JET-GBS - Japanese Eculizumab Trial for GBS
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|ClinicalTrials.gov Identifier: NCT02493725|
Recruitment Status : Completed
First Posted : July 9, 2015
Last Update Posted : October 11, 2017
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Guillain-Barré syndrome (GBS) is an immune-mediated polyneuropathy that usually follows an antecedent infection and causes acute neuromuscular paralysis. GBS is currently classified into the two major subtypes: a classical demyelinating type and axonal variant type. Whereas in Europe and North America demyelinating GBS is the major subtype, in East Asia and Central and South America, axonal GBS is found in 30~65% of patients. Although the pathophysiology of GBS has not been fully understood, major advances have been made in understanding the pathophysiology particularly for the axonal form of GBS. It is now established that axonal GBS is caused by molecular mimicry of human gangliosides by the Campylobacter jejuni lipo-oligosaccharides. Autoantibodies bind to GM1 or GD1a at the nodes of Ranvier, activate complements, and disrupt sodium channel clusters and axo-glial junctions, resulting in the nerve conduction failure and muscle weakness. C. jejuni infection induces production of antibodies, which cross-react with gangliosides on the human nerve axolemma, and activate the complements, resulting in formation of membrane attack complex (MAC). The pathology leads to axonal degeneration.
The standard treatments for GBS are plasma exchange and intravenous immunoglobulin and the disease progression reaches its nadir within 4 weeks. However, during the acute phase, 18-28 % of the patients require artificial ventilation and 4.1-6.3 % of the patients die of complications. Recovery takes several months or years, and 16.7-19.7 % of the patients still require aid to walk one year after onset. Because of such serious disability of GBS patients, an alternative novel therapy that can prevent death during acute phase or severe sequelae is needed.
Eculizumab is a humanized monoclonal antibody of murine anti-human C5 antibody and specifically binds to the final activation complement component C5 and inhibits MAC formation by suppressing the cleavage reaction of C5 into C5a and C5b. The efficacy of eculizumab against GBS has been shown in a model of axonal GBS. At present, there are no animal models of demyelinating GBS. However, autopsy studies have shown that C3d and C5b-9 (MAC) are deposited on the Schwan cells, and therefore eculizumab can be effective also for demyelinating GBS.
This clinical trial will be conducted to investigate the efficacy and safety of eculizumab for GBS to warrant future global clinical trials. Moreover, we also study the relationship between the efficacy and clinical subtypes of GBS, such as axonal or demyelinating form. Our trial will provide insights on whether the future global developmental plan should target the whole spectrum of GBS world-wide or focusing on Asia and South America.
|Condition or disease||Intervention/treatment||Phase|
|Gullain Barre Syndrome||Drug: Eculizumab Drug: Placebo||Phase 2|
|Study Type :||Interventional (Clinical Trial)|
|Actual Enrollment :||34 participants|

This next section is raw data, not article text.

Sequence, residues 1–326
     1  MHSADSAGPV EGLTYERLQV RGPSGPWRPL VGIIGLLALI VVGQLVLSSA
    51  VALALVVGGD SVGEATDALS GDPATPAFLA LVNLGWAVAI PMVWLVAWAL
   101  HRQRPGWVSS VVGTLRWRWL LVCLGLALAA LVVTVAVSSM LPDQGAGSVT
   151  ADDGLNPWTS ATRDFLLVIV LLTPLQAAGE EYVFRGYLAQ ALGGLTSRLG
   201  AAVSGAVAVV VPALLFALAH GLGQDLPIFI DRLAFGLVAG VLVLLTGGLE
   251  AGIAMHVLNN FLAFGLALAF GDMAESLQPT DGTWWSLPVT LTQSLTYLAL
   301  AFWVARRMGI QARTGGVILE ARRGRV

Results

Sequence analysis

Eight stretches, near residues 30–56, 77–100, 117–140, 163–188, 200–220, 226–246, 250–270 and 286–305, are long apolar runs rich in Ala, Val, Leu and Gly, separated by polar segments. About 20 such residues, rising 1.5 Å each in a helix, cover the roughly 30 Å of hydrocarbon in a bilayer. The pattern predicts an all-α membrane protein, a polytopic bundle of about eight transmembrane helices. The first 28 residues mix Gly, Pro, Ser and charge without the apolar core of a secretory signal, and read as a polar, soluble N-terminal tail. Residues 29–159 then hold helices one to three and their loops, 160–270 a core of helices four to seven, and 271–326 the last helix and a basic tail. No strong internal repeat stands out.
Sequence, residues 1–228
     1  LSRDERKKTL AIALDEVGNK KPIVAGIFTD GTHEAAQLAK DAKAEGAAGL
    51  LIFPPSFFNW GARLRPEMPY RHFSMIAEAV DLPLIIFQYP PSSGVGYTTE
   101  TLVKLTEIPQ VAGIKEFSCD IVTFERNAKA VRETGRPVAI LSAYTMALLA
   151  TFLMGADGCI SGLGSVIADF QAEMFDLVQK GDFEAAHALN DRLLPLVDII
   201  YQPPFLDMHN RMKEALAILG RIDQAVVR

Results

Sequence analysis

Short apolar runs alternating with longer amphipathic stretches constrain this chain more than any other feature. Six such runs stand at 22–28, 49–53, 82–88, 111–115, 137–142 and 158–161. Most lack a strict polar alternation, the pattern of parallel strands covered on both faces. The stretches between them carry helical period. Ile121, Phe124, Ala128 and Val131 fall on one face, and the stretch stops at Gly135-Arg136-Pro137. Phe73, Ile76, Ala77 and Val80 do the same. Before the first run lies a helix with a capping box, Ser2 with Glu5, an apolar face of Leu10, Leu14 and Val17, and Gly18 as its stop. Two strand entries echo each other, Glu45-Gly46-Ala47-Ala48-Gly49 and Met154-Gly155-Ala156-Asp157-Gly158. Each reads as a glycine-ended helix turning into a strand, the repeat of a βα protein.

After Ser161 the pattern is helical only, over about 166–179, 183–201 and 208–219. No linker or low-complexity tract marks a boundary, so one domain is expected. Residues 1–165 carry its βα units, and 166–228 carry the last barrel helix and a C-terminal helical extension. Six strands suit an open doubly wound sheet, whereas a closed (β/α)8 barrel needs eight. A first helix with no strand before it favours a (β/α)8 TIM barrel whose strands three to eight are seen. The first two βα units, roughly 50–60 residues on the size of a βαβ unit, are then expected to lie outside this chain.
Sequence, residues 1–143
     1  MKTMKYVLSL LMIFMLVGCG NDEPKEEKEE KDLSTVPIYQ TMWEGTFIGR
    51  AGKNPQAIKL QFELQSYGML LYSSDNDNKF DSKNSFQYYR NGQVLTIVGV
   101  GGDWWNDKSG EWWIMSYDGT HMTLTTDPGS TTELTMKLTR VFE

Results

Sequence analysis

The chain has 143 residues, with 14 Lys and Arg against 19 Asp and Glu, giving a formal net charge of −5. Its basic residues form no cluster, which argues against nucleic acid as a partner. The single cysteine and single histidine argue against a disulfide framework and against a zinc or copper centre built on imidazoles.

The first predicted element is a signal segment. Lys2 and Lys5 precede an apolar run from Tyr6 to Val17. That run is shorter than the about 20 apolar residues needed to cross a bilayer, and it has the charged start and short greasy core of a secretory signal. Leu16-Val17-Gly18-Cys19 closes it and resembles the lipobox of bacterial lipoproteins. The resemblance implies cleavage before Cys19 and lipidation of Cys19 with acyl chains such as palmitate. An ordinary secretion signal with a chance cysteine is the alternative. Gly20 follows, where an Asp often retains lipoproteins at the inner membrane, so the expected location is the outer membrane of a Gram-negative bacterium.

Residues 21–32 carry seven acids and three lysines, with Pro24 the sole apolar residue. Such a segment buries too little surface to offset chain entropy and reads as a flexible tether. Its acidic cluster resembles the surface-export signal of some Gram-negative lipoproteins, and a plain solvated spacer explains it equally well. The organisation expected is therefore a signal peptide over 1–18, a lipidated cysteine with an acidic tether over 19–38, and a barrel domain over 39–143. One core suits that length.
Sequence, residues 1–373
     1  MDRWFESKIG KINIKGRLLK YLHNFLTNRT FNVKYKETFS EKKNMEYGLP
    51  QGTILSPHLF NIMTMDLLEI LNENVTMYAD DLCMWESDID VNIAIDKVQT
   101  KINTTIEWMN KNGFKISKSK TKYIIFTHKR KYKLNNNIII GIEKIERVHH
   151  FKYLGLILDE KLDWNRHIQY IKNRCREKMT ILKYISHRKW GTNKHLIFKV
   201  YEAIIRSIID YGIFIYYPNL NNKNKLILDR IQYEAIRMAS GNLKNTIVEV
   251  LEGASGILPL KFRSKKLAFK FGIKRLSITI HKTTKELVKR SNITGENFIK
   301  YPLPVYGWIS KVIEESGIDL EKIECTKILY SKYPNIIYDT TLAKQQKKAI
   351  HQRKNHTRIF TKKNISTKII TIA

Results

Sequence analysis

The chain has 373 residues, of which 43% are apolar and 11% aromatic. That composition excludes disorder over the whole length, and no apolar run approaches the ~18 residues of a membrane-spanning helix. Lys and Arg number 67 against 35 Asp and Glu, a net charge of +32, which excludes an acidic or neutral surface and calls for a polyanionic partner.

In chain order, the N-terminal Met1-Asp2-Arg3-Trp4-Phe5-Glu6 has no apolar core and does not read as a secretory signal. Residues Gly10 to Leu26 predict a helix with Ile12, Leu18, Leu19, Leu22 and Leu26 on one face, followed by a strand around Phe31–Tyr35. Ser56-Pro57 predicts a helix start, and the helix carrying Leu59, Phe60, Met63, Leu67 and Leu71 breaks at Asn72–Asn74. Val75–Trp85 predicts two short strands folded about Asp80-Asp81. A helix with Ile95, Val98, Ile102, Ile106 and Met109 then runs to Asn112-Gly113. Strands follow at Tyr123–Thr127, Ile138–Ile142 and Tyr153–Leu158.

|Intervention Model:||Parallel Assignment|
|Masking:||Quadruple (Participant, Care Provider, Investigator, Outcomes Assessor)|
|Official Title:||A PROSPECTIVE, MULTI-CENTER, PHASE II STUDY TO EVALUATE THE SAFETY AND EFFICACY OF ECULIZUMAB IN SUBJECTS WITH GUILLAIN-BARRÉ SYNDROME|
|Study Start Date :||July 2015|
|Actual Primary Completion Date :||May 2016|
|Actual Study Completion Date :||October 2016|
Active Comparator: Eculizumab
Eculizumab, 900 mg intravenously once a week
Placebo Comparator: Placebo
Matched placebo, intravenously once a week
- [Safety] Expressed frequency and severity of incidence of AE/SAEs after treatment with investigational product. [ Time Frame: 6 months ]
- [Efficacy] Proportion of subjects who reach a score of FG2 or lower on the Hughes functional grading scale at week 4（Response Rate） [ Time Frame: 4 weeks ]
- Proportion of subjects with improvement of one or more scores on the functional grading scale at each visit [ Time Frame: 6 months ]
- Proportion of subjects who are able to walk unaided (FG2 or lower) at each visit [ Time Frame: 6 months ]
- Duration required for improvement by at least one grade on the Hughes functional grading scale [ Time Frame: 6 months ]
- Proportion of subjects who reach FG1 or 0 at week 24 [ Time Frame: 6 months ]
- Change in the FG score between peak disability score and the scores at each visit [ Time Frame: 6 months ]
- Proportion of subjects with a clinically relevant improvement in the R-ODS score. An increase in the R-ODS score (0-48) converted to the centile metric score (0-100) by at least six points at each visit [ Time Frame: 6 months ]
- Proportion of subjects with a clinically relevant improvement in ONLS. (a decrease in the ONLS score from baseline by at least 1 point) at each visit [ Time Frame: 6months ]
- Proportion and frequency of subjects who require ventilatory support (F 5) [ Time Frame: 4 weeks ]
- Duration of ventilatory support [ Time Frame: 8 weeks ]
- Occurrence of relapse from the start of the IP(Investigational Product) administration period until the end of the post IP period [ Time Frame: 2 years ]
- Overall survival from the start of the IP administration period until the end of the post IP period (OS) [ Time Frame: 6 months ]